Dare I say, he was a better than Webber at musicals. Maybe... just different. Webber uses a lot of the same melodic ideas in his songs throughout a play. Listen to EVITA, arguably one of the most popular musicals. There are about 2 or 3 melodies that are used throughout the whole 2+hour story. They're at different tempos or in different keys, with different arrangements, but it's the same melody.

I've never noticed Sondheim doing that. Maybe he did somewhere that I've not heard, but I don't know about it. And while I'm not pitting my fellow March Aries against each other, I will say their approach to a musical is entirely different. Webber uses a song to push a story, whereas Sondehim used it to explore a thought, or a mood, the secrets of a sidebar were exposed in those songs. Sure, they both used songs are diaglog or an interchange between characters. But the whole approach was just different overall.


Mr. Sondheim and I also share a birthday (as well as Andrew Lloyd Webber, William Shatner, and Reese Witherspoon - but not sure about Reese Withoutherspoon).

He leaves behind a legacy that is one of the most important, like Prince, Bowie, Michael Jackson, and George Michael did: that being a legacy of unforgettable and amazing music.


Sondheim-Collage_1.jpg

Terrific Post. The man was a genius! RIP

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Reply #3 posted 11/29/21 9:53am

PJMcGee

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Trivial: I assume you're gonna see Tick Tick Boom, or have already seen it. An actor plays him from 30 years ago (in a small role), and his actual voice is heard in the film at one point.

I saw that a couple weeks ago, and just yesterday saw the new West Side Story. It's been a Sondheim couple of weeks.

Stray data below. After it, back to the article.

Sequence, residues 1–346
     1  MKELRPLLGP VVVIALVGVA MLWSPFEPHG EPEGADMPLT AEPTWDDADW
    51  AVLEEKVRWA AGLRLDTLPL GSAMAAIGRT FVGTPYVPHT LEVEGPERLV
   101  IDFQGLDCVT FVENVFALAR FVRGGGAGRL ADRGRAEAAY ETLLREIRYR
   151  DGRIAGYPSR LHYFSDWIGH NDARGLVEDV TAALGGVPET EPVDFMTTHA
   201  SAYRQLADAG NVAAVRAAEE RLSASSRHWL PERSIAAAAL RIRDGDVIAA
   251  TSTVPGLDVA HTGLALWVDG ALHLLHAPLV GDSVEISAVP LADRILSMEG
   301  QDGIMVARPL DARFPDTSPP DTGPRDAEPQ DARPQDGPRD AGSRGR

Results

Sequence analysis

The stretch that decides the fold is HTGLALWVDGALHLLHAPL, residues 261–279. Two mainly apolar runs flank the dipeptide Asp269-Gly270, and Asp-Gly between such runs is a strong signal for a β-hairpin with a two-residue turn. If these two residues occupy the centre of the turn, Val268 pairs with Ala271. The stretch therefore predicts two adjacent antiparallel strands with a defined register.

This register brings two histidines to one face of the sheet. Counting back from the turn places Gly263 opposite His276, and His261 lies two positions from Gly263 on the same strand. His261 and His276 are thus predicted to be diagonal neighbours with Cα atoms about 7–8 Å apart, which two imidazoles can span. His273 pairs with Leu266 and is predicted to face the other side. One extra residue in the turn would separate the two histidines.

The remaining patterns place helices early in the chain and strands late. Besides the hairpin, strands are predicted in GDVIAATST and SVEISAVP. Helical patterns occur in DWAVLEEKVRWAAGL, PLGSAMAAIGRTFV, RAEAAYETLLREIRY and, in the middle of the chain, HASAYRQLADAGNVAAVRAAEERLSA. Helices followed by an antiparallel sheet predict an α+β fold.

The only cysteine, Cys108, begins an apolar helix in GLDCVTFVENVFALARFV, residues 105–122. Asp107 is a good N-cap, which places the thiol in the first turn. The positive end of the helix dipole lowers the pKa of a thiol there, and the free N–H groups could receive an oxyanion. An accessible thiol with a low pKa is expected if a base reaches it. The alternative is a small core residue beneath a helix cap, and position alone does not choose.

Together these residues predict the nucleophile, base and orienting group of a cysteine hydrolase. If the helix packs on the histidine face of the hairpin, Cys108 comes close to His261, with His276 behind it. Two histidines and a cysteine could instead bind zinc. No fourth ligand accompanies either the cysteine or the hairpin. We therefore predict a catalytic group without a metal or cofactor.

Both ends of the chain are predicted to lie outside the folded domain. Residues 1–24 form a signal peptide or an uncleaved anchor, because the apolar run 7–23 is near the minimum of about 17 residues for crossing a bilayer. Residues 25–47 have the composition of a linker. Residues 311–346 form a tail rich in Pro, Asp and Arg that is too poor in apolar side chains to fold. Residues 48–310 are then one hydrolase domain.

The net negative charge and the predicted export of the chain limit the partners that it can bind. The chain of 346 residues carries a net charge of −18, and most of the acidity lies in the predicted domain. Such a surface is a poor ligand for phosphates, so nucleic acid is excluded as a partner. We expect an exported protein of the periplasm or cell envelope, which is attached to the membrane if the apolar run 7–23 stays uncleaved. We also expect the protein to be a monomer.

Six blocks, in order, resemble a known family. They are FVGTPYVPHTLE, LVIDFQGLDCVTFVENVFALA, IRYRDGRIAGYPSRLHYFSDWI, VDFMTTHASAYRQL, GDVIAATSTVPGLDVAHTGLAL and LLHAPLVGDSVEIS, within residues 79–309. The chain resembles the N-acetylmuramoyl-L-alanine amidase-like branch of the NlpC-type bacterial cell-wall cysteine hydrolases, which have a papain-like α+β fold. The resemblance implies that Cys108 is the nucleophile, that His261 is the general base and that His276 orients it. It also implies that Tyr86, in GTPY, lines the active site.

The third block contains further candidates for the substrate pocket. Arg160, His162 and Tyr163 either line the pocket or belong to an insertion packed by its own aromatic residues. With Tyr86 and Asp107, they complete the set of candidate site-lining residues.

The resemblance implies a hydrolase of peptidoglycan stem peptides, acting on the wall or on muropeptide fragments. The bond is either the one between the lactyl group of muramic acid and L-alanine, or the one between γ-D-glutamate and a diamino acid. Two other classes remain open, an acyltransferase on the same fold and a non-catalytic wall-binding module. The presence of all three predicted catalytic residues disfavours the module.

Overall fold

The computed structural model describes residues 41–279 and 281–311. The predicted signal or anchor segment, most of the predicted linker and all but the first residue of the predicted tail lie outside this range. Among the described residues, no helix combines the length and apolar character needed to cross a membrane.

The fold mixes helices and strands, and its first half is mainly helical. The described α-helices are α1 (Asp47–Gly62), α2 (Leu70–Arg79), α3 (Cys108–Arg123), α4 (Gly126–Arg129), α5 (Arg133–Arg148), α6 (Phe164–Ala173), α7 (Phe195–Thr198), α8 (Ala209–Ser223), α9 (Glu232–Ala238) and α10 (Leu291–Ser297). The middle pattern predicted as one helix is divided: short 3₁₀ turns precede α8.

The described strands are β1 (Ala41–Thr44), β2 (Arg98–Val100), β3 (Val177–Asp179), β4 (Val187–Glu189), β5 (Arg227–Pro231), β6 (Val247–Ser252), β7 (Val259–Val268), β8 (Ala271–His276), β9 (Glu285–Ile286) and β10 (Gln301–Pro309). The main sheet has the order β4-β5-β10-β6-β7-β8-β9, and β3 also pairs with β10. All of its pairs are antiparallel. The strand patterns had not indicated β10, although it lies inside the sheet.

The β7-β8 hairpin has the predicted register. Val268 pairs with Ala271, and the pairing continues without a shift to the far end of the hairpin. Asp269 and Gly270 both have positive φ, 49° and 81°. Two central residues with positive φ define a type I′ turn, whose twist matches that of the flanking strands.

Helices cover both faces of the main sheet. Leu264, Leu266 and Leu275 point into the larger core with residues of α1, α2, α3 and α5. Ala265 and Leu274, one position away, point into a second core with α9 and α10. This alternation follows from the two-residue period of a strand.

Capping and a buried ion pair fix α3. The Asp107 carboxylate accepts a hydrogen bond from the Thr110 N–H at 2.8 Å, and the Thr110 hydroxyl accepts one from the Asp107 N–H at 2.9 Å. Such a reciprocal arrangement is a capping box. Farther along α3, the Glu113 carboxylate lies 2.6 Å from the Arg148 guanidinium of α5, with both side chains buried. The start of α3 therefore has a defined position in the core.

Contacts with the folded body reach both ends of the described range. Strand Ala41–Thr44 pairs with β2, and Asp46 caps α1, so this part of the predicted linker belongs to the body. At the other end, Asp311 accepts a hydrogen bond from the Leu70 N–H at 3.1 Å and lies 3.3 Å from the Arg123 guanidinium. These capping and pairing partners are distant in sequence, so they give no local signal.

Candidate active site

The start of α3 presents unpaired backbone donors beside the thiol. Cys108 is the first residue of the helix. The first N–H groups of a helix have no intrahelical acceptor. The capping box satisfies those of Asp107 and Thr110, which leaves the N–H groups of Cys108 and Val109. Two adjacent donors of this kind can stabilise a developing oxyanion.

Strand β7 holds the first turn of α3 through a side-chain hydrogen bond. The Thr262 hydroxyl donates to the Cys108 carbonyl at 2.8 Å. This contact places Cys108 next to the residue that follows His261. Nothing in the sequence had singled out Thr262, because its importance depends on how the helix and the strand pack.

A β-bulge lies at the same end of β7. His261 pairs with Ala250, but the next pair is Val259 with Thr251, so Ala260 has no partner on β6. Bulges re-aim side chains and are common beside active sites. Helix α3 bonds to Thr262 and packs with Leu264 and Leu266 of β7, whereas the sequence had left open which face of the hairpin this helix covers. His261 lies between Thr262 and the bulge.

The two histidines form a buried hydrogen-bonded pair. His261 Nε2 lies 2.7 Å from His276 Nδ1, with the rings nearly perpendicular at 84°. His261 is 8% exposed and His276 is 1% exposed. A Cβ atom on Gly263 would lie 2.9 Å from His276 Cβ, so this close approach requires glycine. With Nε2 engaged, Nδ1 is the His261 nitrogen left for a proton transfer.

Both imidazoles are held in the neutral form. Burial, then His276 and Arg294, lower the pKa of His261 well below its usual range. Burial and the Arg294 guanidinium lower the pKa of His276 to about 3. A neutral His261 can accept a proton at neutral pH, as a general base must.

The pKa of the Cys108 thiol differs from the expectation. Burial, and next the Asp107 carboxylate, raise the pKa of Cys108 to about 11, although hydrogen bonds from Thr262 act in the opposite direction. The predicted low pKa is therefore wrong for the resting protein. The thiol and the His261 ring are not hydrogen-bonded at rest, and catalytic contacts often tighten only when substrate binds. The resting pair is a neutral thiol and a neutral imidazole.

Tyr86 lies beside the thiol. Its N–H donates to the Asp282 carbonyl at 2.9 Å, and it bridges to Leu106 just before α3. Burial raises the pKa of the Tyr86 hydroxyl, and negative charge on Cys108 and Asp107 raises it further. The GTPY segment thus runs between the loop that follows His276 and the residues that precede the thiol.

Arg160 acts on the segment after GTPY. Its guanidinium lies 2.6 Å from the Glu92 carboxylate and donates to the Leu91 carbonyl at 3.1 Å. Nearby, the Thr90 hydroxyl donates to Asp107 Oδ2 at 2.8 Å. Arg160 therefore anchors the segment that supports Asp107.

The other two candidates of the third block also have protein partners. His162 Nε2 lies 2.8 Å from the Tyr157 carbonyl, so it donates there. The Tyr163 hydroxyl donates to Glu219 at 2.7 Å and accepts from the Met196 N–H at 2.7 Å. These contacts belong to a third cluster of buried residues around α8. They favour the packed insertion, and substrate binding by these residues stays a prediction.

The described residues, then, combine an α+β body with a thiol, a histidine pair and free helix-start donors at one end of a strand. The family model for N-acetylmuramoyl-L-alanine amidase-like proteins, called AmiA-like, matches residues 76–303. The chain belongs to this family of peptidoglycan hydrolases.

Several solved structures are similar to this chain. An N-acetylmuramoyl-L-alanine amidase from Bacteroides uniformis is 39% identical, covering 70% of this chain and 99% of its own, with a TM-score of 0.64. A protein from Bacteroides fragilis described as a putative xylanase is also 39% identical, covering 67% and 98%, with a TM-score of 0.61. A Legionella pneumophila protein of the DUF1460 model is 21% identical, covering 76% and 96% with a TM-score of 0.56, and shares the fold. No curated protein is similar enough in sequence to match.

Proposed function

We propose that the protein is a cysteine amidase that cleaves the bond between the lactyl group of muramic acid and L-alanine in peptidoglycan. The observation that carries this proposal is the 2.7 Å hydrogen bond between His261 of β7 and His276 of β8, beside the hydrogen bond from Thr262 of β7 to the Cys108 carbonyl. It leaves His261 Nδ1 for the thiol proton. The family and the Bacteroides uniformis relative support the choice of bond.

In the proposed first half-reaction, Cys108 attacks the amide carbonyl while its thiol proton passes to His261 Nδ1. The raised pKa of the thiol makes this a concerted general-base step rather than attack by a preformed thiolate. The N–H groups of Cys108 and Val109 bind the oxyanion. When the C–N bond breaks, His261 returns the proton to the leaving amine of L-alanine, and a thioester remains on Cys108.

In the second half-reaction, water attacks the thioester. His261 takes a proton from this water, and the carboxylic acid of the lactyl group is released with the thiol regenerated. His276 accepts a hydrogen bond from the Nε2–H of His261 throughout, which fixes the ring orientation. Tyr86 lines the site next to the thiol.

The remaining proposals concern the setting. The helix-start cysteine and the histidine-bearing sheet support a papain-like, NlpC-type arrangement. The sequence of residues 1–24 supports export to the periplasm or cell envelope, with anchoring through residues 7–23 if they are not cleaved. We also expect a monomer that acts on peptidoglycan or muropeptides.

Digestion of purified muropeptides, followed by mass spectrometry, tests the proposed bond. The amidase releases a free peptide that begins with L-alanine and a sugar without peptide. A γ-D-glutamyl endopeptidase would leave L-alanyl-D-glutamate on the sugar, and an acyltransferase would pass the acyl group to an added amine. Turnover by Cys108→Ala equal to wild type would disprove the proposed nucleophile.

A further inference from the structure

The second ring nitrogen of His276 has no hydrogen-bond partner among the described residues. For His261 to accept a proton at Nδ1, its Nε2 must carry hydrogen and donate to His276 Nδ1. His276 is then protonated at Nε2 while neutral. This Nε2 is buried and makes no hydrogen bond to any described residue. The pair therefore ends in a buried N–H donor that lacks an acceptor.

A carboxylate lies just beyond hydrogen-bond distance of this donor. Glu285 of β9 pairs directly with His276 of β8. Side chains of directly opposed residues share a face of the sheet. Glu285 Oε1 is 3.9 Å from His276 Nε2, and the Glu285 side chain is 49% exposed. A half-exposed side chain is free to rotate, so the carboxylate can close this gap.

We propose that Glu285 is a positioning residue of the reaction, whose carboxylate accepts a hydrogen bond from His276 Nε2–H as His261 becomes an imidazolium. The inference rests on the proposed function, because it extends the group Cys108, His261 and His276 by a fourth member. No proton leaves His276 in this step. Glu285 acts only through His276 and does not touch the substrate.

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Reply #4 posted 11/29/21 2:18pm

TrivialPursuit

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PJMcGee said:

Trivial: I assume you're gonna see Tick Tick Boom, or have already seen it. An actor plays him from 30 years ago (in a small role), and his actual voice is heard in the film at one point. I saw that a couple weeks ago, and just yesterday saw the new West Side Story. It's been a Sondheim couple of weeks.


We just watched it a few days ago! Bradley Whitfield played him and did great. I hadn't been aware of Larson's relationship w/ Sondheim. I didn't know it was his actual voice until someone tweeted about it. I thought that was such a great period on things.

I can't wait for the new WSS.

"eye don’t really care so much what people say about me because it is a reflection of who they r."
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Reply #5 posted 11/29/21 5:00pm

PJMcGee

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I don't want to say much about WSS until it comes out. Parts of it were great. A good deal of untranslated Spanish grated a bit, but it felt like they were treating the language with respect, as if to say it's not lesser than English, so we'll treat it equally.
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Reply #6 posted 11/29/21 5:08pm

PJMcGee

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Note: You get a lot of information from the context and the emotion, and it's not like there are soliloquies in Spanish, mostly phrases and sentences here and there.